Point Fraser Wetland, Perth, Western Australia

Photographer: Emma Grantham


Syrinx Environmental

Type of Area

Large river with natural banks

Land/water interaction


Built Environment Types

Moderately built
Moderate green

Scale of Impact

District/ neighbourhood

Intervention Scale (Spatial)

Linear development – multiple interventions

Project Types

Stormwater management
Habitat creation/restoration
Outdoor Recreation

Urban/ Rural

Inner urban area

Visibility and Openness

Fully enclosed
Fully contained view

A Wetland with a Story

Point Fraser Wetland is a 5.8 hectare site situated at the east end of the Swan River foreshore, in Perth, Western Australia. It is an innovative fusion of a water management project with landscape design. The site was developed to provide a biodiverse wetland habitat capable of dealing with urban storm water run-off, thus improving the quality of the water discharged into the river and to provide well-designed public playgrounds and picnic areas with parking facilities. 

Walking through the wetland provides a glimpse to the pre-urbanised river front, giving a temporal feel to the area. Views of the city, however, at the same time anchor the setting into the modern landscape. 

This nature-based solution to mitigate stormwater successfully combines form and function. It filters the contaminated water and diverts it away from the city using evapo-transpirational swales. It also incorporates opportunities for recreational activities such as walking, jogging and playing.

The site includes a restaurant and function centre, food outlets and bars and thus is a popular site for weddings and corporate events.

The two-phase project first developed the biofilters with zones for water treatment. In the second phase the swales were created providing areas for seating, play equipment and planting boxes. Indigenous wetland species have been used to improve the aesthetic qualities of the site, which visitors can appreciate through the winding, raised wooden boardwalks that allow them to connect with the natural environment.  

Accessibility and safety to the site has been improved with ramps to connect the different levels and boardwalks with edge guides to prevent falls. The site consists of concrete retaining walls, paved surfaces and edges defined in wood and stone.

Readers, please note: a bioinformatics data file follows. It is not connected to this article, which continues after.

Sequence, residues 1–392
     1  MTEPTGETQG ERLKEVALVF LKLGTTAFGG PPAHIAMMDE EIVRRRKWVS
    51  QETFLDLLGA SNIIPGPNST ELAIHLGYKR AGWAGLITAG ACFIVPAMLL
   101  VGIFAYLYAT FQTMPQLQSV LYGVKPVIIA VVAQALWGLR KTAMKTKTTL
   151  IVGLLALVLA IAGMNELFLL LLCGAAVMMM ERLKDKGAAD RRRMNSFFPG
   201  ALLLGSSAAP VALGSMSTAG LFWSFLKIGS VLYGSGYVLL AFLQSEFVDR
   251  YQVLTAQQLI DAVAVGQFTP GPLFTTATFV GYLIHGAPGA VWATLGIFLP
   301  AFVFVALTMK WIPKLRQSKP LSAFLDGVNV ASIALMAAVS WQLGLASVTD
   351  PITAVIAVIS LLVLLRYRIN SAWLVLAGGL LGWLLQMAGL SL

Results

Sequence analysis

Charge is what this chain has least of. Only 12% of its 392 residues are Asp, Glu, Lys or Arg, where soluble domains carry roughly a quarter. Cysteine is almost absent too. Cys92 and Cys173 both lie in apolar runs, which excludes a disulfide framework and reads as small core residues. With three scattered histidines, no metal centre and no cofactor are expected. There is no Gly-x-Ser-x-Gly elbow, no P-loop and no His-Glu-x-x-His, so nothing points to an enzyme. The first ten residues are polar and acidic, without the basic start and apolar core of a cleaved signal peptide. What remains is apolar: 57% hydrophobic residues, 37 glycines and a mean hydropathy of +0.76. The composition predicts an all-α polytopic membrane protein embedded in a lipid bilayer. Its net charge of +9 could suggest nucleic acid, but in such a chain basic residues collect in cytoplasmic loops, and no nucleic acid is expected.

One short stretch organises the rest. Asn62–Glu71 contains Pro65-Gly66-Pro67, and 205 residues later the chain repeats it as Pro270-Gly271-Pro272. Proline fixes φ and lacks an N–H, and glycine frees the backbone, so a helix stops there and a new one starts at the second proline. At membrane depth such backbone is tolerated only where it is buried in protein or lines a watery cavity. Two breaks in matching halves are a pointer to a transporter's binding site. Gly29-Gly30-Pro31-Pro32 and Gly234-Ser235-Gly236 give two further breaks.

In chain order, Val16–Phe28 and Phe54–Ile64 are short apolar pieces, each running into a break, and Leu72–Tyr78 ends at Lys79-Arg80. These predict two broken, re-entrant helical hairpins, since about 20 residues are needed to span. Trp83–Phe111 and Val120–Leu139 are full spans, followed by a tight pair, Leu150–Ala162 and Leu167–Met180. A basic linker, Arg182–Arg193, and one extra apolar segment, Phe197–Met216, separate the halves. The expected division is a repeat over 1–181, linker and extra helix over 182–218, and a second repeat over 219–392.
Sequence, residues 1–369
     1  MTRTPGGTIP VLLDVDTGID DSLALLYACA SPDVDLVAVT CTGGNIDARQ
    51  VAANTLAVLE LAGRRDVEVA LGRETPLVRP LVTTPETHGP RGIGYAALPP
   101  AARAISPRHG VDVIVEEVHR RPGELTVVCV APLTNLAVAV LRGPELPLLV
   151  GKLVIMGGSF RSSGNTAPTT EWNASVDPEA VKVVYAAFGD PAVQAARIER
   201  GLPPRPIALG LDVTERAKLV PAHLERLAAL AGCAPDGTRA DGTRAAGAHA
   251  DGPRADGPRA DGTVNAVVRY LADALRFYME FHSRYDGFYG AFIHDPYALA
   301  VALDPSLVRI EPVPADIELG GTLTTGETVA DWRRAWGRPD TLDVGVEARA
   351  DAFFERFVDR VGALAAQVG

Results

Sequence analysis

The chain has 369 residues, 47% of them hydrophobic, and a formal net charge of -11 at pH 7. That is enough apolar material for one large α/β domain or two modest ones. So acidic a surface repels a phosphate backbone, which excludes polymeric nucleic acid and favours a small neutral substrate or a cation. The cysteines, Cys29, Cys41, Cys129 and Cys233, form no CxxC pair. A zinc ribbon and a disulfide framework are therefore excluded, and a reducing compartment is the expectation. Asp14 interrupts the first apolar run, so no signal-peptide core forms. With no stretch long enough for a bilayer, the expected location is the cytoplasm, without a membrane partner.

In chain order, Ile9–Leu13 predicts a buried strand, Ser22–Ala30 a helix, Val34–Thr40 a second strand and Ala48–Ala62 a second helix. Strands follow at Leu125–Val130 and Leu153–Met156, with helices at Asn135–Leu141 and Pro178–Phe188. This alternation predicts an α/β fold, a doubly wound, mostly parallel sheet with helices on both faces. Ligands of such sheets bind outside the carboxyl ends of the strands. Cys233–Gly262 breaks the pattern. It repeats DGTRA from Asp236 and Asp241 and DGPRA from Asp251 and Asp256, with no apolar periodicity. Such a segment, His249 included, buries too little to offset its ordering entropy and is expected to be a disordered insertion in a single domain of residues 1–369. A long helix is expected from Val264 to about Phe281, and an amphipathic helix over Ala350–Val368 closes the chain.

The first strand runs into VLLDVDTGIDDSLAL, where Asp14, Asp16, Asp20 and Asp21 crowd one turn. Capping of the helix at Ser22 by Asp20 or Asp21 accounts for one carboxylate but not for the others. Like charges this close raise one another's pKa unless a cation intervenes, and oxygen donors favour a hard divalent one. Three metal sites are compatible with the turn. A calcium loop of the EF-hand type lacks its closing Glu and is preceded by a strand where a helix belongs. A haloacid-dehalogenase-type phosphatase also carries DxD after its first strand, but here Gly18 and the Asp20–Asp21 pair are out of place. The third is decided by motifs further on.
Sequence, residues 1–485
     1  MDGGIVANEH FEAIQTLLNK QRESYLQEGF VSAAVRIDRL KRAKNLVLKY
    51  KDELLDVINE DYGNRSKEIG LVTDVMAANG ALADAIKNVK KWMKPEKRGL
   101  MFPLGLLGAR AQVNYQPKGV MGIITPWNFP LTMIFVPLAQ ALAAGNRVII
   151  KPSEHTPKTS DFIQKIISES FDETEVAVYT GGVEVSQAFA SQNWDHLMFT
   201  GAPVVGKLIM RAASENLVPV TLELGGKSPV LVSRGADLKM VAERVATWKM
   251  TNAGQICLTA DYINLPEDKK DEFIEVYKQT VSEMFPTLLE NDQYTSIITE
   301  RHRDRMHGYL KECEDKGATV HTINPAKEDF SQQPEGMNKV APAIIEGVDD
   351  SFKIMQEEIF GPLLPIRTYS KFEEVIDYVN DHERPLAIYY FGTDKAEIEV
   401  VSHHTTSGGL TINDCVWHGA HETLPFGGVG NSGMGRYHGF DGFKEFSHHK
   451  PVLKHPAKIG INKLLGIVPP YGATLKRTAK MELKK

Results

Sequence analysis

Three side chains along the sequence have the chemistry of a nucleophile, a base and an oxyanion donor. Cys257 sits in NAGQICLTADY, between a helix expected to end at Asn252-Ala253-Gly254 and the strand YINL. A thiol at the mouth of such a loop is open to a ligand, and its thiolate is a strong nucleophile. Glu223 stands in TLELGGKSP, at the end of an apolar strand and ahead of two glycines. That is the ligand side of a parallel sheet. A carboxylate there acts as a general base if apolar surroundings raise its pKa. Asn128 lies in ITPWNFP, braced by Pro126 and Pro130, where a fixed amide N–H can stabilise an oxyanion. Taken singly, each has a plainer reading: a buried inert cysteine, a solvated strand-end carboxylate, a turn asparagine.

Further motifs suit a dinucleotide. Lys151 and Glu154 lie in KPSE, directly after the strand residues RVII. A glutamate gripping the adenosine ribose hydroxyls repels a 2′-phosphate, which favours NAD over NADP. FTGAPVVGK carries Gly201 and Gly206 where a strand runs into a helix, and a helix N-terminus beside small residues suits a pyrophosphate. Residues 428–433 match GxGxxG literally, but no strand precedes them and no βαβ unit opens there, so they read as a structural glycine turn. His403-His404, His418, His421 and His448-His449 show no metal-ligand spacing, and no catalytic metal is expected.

Viewing platforms, seating areas, grass lawn and litter bins improve the recreational facilities of the area, as do anchoring points for boats and canoes between the swales. Signs provide information on the environmental, historical and indigenous connections of the area and tell the story of the local Nyungar people and their sacred connection to the river.

Perception and Meaning

Focal point

Health and Wellbeing

Better environmental perception
Increases socialisation
Aesthetic experience
Place affordance

Interaction with Water


The ratings for this site show excellent scores for accessibility. The ratings reflects the local authority’s commitment to accessible green and blue spaces throughout the city and thus the project is also well connected to its surrounding green and blue spaces through a network of pedestrian and cycle paths. The overall design of the site is also high for this popular site. The accessible pathways that fit the surrounding area ensures that people can circulate around the site with ease. The cultural heritage is also high as the site makes space to tell the history of the local indigenous people. 

Of particular note are the design features to protect the public from the strong Australian sun, with many covered areas and shade from the trees. The site, however, lacks wind shade as this is balanced with maintaining views to the river. Connection to nature is high as the pathways meander through the wetland, this also lends an atmosphere suitable for contemplation and a sense of being away. Special safety features include the edgings to the pathways.

Maintaining a view of the iconic Swan River is an important feature but as a wetland with stormwater capabilities, the access to the water itself is not encouraged and therefore not designed into this site. There are children’s play areas incorporated into the design that mix man-made play equipment with natural play around the trees, bringing children close to nature through positive interactive play.